I studied music theory and jazz music in high school. I was no Miles Davis but I was a decent trumpet player. However, to suggest that ten years later that I’d still be as good without having practiced or even picked up a trumpet in that time would just be untrue. Conversely, it’d be wrong to say I had hit my absolute peak in musical ability before turning 20, and should have treated my high school years as a one-and-done musical learning experience.
And yet, when it comes to training, that one-and-done mentality seems to prevail. Learning shouldn’t be treated as an event we pencil into our schedules once a month for completion’s sake, but should be a continual process. To understand how this learning lifecycle can help make training more effective, let’s examine the steps in this process.
One of the biggest challenges for any training is getting your learners to buy into the “why.” We cannot dictate training necessity to learners; they must be motivated to seek new knowledge and commit to learning and using it. This involves recognizing needs and establishing baseline performance from which to improve and objective knowledge goals to aim for. Having a clear knowledge goal will help learners understand what they’ll get out of training.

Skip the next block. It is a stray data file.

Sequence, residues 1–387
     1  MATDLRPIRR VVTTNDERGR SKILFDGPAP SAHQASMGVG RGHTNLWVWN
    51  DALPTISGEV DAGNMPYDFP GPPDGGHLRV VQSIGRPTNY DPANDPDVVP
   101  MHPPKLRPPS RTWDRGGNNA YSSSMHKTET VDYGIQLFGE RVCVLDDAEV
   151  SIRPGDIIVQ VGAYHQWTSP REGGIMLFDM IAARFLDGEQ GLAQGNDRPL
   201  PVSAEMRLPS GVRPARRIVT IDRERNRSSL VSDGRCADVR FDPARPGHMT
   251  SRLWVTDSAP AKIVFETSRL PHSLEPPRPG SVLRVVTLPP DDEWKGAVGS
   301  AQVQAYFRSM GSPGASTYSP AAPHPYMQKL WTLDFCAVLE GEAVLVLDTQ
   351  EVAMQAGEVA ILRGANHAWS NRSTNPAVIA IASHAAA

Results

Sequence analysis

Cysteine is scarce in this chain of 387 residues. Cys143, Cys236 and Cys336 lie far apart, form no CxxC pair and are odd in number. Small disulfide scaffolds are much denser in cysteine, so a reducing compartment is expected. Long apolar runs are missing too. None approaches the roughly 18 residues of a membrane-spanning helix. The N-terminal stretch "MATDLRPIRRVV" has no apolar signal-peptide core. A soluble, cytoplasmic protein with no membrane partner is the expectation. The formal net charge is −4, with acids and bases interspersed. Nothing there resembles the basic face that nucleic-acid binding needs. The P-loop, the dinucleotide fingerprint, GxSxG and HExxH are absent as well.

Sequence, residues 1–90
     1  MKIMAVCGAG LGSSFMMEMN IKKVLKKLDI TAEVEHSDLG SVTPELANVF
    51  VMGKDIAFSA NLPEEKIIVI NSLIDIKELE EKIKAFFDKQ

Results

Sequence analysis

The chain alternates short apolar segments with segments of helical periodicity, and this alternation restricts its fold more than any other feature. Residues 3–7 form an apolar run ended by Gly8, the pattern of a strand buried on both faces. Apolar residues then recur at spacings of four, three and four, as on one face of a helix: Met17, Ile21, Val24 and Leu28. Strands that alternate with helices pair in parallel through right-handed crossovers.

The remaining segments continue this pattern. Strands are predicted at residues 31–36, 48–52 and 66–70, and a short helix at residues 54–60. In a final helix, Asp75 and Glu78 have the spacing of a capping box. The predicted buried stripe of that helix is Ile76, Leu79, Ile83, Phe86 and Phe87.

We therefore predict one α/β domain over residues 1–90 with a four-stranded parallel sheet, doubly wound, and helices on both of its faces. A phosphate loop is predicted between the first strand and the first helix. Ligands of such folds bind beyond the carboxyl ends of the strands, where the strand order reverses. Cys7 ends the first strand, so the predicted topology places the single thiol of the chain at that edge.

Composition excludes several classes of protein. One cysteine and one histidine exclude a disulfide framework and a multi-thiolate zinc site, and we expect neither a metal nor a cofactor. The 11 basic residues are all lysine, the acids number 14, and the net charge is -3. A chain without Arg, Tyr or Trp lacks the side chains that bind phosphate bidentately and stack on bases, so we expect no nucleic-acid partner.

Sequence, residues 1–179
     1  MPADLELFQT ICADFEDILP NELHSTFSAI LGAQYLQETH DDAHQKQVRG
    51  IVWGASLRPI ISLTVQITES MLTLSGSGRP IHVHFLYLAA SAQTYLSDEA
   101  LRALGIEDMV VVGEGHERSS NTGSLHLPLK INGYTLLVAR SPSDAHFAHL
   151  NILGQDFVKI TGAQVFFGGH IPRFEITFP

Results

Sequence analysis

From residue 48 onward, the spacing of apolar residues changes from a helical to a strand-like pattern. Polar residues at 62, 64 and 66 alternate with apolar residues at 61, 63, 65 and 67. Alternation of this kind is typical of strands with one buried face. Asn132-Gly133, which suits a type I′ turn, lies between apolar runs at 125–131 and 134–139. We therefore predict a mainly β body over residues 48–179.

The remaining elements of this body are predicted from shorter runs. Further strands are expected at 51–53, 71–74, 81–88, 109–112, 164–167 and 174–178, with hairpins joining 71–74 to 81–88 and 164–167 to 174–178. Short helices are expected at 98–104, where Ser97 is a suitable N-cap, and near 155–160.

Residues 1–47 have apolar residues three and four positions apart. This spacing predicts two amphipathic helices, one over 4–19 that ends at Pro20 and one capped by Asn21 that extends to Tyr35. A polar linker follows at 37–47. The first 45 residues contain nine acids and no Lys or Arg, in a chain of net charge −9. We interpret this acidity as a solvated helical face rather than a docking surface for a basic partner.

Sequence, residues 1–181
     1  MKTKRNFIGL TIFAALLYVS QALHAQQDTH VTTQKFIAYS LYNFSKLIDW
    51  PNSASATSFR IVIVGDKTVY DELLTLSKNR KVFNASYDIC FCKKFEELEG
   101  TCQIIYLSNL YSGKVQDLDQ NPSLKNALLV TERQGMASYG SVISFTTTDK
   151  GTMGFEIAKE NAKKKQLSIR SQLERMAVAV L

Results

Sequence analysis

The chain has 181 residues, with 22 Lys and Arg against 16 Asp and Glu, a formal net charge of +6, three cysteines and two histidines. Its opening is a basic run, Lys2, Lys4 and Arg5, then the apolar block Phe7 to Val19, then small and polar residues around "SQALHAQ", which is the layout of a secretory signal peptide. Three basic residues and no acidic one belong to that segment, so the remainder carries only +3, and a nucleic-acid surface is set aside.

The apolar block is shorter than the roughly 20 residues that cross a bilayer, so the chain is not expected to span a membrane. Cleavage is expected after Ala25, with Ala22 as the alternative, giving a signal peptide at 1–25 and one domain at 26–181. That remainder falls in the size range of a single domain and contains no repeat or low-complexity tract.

Once your learners are ready to start training, you cannot simply do a didactic dump of information into their heads. Their training must be self-motivated and applicable to their work, should provide them the opportunity to assess and practice their new skills, and should be based in an organic environment of giving and receiving feedback. In the learner’s mind, they should be able to immediately connect what they’ve learned today to how they’ll use it tomorrow. And allowing them to discover and maximize on new skills helps make that happen.
You owe it to your learners to help these new skills stick. A lot of training tends to exist in a vacuum with little or no follow-up strategy, which is where the “why” factor is frequently lost on the learner. Provide your learners with opportunities to transfer new skills to their job. Make your office a community of practice where employees learn new things each day, outside of formal training sessions. As you do, you’ll reinforce what’s been learned, and learners will discover new skills for their jobs, starting the learning lifecycle anew.
Applying Microlearning to the Lifecycle
One way to give your curriculum flexibility across the learner lifecycle is by incorporating microlearning assets. Click the image below to learn how you can bring microlearning into different training techniques and build knowledge across the learning lifecycle.
Need more examples? Check out these 7 awesome microlearning examples from inside and outside the training world.